The History Behind Bardarbunga Volcano in Iceland
Due to its unique diverse geography, Iceland attracts more and more tourists every year. The number of natural attractions is uncountable. There are the famous ones, you probably have a whole list taken from your guidebook, but there are also those hidden gems waiting right around the corner. Viti volcano in Askja is definitely on that list. Anywhere you go, you will be surprised how the landscapes can change and differ and still amuse you. When you think that you have already seen it all, Iceland surprises you and proves you wrong. The most famous attractions are not the only thing worth seeing.
Volcanic forces beneath the surface of the earth formed some of the most popular attractions in Iceland. These are natural hot springs, geysers, caves, and dramatic cliffs. These places bring tourists from all over the world. Among those there is also a part who wish to experience one of the most amazing phenomenon on Earth: a volcanic eruption. Nowadays, volcanic activity has become a trend among tourists as well. There are many volcanoes in Iceland and tours with activities related to them.
Bardarbunga Iceland volcano
Bárðarbunga volcano is one of the less famous volcanoes in North Iceland. It is located under the ice cap of Vatnajokull glacier. It sits at 2,009 m above sea level, which makes it the second highest mountain in Iceland. Vatnajokull is located in the Highlands of Iceland, which is the central region of the island.
It erupted several times in the 1800s (XVIII). The last notable eruption took place in 1910. The latest eruption started in August 2014, which was not that long ago. Scientists recorded over 200 seismic shocks before the eruptions occurred. Only some time after, the crevice eruption near the Holuhraun lava field started. It lasted untill February 2015. This is when the new lava fields were created in an area over 85 square kilometers wide. Its eruptions even altered weather and air traffic in the Northern hemisphere of the air throwing the volcanic ash away.
What type of volcano is Bardarbunga?
Let’s start with some definitions so we know exactly what we are talking about and what type of volcano Bardarbunga is.
A volcano is a place where lava escapes to the surface of the earth, including the ocean as well. In the case of central volcanoes, we can distinguish two basic types of volcanoes. They differ in terms of the nature and eruption producted and as a result also in the shape of the volcano. One of them is stratovolcano. They have the classic volcanic cone shape. The most famous stratovolcanoes include Vesuvius in Italy and Fuji in Japan. Lava which is ejected by this type of volcano is more viscous and contains more silica. During the eruption, not only is lava ejected, but also a lot of solid products like ash and pumice.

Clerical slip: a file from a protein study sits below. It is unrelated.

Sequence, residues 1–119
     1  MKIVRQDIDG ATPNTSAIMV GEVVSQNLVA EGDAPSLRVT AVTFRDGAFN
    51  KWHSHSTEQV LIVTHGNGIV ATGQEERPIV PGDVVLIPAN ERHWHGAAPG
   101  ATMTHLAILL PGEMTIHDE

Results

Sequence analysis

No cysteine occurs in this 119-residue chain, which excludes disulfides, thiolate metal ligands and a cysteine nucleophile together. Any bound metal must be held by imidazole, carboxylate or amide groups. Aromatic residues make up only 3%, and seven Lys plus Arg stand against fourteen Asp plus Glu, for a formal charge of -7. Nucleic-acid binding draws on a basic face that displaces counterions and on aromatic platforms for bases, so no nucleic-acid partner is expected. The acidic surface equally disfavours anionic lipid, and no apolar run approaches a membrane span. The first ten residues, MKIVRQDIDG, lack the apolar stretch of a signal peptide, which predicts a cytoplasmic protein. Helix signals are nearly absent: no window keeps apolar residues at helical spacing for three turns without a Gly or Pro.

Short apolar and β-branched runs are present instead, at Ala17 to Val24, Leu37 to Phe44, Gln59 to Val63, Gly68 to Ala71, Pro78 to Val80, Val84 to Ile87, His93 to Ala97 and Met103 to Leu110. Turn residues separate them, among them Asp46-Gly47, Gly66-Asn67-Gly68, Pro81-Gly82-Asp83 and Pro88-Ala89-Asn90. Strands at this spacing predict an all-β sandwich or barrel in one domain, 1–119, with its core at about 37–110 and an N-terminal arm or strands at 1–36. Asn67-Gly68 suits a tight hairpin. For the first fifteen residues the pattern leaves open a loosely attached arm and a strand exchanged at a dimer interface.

The volcano is made of several levels. Below the volcano there is a magma chamber. Molten rock can get out through the volcanic chimney gets to the crater from where it can be ejected outside. Lava freezes on the slopes of the cone as successive layers causing the cone to rise. If a sudden volcanic eruption breaks the top of the volcanic cone, a circular depression is formed which is called - caldera, like in Askja.
This volcano has a long history although it belongs to those less famous and popular and not many people even know it exists. You will probably not find it at the top list in a guidebook for tourists.
Its caldera hidden beneath the glacier cap has its diameter of 700 m. Bardarbunga is part of the volcanic system 200km long and 20 km wide.
Because of its location. the eruptions are accompanied by the phenomenon called jokullhlaup, which is a glacial flood.
The seismic activity in the volcano has been intermittent and is considered active although there were no recent eruptions. Outside the glacier to the southwest in the highlands between Vatnajokull and Myrdalsjokul there is frequent activity. It increased greatly during last few years in Bardarbunga volcano.
In June 2018 the earthquake swarm was detected and it was one of the largest since last volcano eruption. It took place in the northern rim of the Bardarbunga volcano and measured 4.8. Three aftershocks took place after the initial earthquake meassuring 3.5 , 3.7 and 2.8.